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Christine Lagarde told the Guardian she had more sympathy for poor children in Africa than for Greek’s struggling under the country’s austerity measures.
IMF chief Christine Lagarde said she had more sympathy for poor children in Africa than for Greek’s struggling under the country’s austerity measures.
In an interview published in the Guardian newspaper today, the head of the International Monetary Fund said Greeks should help themselves by paying taxes.
"I have them in my mind all the time. Because I think they need even more help than the people in Athens," Lagarde was quoted by the Associated Press as saying.
Lagarde has made it clear that the Washington-based lender had no plans to soften austerity demands to which Greece agreed in return for a multi-billion euro bailout, despite sometimes violent street protests in the debt-laden country and fears that it could abandon the euro zone.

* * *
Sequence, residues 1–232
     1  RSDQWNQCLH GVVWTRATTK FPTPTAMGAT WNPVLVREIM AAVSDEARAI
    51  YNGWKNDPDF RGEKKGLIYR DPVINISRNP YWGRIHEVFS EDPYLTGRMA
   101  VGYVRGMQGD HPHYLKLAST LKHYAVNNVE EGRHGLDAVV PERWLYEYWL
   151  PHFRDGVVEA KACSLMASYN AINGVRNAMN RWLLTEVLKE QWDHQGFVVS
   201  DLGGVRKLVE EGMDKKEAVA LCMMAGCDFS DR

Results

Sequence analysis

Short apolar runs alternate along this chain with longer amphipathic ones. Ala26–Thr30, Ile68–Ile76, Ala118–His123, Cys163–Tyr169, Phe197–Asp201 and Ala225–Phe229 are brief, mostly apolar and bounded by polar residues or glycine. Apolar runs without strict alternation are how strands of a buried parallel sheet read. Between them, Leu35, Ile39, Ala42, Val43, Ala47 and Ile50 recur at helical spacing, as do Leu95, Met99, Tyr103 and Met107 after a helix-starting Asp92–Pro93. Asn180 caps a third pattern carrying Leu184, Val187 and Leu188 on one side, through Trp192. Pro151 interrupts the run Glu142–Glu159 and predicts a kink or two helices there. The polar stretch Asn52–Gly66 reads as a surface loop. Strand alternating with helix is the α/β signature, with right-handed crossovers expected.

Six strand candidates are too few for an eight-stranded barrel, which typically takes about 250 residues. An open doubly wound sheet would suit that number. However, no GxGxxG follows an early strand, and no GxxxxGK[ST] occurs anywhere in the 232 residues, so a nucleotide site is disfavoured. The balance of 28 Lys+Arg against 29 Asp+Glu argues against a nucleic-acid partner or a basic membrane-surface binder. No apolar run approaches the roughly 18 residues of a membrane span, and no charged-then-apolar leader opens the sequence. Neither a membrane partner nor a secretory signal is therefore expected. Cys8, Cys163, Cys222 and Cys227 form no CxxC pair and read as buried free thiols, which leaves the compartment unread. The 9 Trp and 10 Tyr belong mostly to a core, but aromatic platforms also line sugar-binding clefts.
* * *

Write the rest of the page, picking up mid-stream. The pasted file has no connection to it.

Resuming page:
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According to Bloomberg, the latest opinion polls in Greece suggest the left-wing Syriza party, which came second in the last election after campaigning against the austerity measures, is still attracting strong support ahead of the new election on June 17.
There are growing concerns that Greece could exit the euro zone and go bankrupt, triggering massive job losses in the country and leading to a Europe-wide crisis.
Politicians in the UK are closely monitoring the situation and are drawing up plans for the potential collapse of the euro. British Home Secretary Theresa May said the UK government was preparing for a possible flood of immigrants from Greece and other vulnerable European countries should the euro woes worsen, the Telegraph reported Friday.
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